It was the adjective my two-year-old daughter's teacher used to describe her day. In fact, our little ball of fire had even paid a visit to the preschool director - you know, the toddler equivalent to a principal.
I tried to remain calm, but my heart was racing. It was only the third week of school.
You see, I’m a teacher. And I likely suffer from the most unrealistic academic expectations of all. My four-year-old son has never had a problem walking the line, why can’t my little girl?
I was angry. I was disappointed. I was embarrassed.
But, several hours into my pity party, an epiphany came. What if my daughter’s behavior was pointing to something deeper happening in her life? And what if I could have only realized it through the kicking and throwing of toys outside of our home?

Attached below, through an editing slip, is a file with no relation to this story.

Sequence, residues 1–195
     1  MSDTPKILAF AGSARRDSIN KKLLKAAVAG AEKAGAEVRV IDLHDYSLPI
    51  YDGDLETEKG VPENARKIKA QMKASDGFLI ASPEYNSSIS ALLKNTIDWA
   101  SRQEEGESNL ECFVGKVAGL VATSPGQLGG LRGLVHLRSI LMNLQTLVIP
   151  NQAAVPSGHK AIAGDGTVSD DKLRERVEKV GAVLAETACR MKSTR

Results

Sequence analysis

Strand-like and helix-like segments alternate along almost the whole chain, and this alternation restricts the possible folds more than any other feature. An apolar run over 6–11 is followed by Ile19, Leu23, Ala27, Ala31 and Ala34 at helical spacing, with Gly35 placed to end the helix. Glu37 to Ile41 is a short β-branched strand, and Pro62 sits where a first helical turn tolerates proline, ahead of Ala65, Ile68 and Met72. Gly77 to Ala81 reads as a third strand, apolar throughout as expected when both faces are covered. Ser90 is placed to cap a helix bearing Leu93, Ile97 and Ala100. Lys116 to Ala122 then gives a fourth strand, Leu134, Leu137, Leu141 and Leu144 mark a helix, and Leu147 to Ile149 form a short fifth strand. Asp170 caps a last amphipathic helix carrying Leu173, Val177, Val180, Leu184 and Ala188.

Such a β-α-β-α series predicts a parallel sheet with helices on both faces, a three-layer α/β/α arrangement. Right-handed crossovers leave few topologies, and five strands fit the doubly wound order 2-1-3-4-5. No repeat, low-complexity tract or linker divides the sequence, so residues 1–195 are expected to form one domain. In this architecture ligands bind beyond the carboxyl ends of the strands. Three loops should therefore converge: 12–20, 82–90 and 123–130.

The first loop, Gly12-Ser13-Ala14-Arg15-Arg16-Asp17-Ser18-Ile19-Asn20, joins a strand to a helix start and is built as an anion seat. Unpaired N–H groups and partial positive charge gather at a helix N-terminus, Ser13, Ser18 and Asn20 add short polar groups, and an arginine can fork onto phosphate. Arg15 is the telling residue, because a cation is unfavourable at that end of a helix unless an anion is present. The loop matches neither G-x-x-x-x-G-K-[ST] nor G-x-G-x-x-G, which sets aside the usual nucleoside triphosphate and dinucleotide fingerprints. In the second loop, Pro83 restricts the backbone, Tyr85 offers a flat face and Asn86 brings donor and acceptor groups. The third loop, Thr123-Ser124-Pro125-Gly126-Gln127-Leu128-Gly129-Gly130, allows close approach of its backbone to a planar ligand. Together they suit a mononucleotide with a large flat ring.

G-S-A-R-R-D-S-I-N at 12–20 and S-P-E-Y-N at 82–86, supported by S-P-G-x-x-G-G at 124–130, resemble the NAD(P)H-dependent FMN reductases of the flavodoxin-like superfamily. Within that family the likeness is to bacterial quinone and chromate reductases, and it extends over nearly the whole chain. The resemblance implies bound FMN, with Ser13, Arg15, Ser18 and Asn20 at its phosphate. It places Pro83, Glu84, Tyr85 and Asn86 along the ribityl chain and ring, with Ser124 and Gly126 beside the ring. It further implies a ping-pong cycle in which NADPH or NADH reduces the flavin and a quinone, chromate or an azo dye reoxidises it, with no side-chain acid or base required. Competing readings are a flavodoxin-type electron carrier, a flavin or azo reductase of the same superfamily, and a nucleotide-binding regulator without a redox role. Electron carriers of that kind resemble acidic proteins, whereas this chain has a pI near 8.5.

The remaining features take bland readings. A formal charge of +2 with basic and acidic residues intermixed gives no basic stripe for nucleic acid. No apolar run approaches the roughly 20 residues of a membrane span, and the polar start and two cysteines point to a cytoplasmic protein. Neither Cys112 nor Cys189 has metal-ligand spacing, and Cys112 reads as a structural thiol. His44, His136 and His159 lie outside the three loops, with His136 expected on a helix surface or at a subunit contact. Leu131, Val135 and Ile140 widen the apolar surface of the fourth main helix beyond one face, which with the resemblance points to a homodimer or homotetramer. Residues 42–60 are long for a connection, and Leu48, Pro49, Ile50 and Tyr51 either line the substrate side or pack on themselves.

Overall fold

I considered our two recent moves. Big stress.
I considered the transition to her first year of five-days-a-week preschool. Big stress.
I considered my return to full-time teaching. Big stress.
And, just for kicks, my parents were visiting for the week.
Truly, everything began to change when I stopped seeing my daughter’s infractions as failures and started seeing them as teachable moments. The homework, of course, would be my own.
I can’t say that things have changed overnight, but I think my husband and I now have a good place to make positive changes in our parenting.
And the teachers who lead with painful truth? They offer rich insights that only those who love our children can supply.
And I couldn't be more grateful for the extra help.
*For more adventures, check out Lauren's blog Unlearning: https://unlearningblog.com/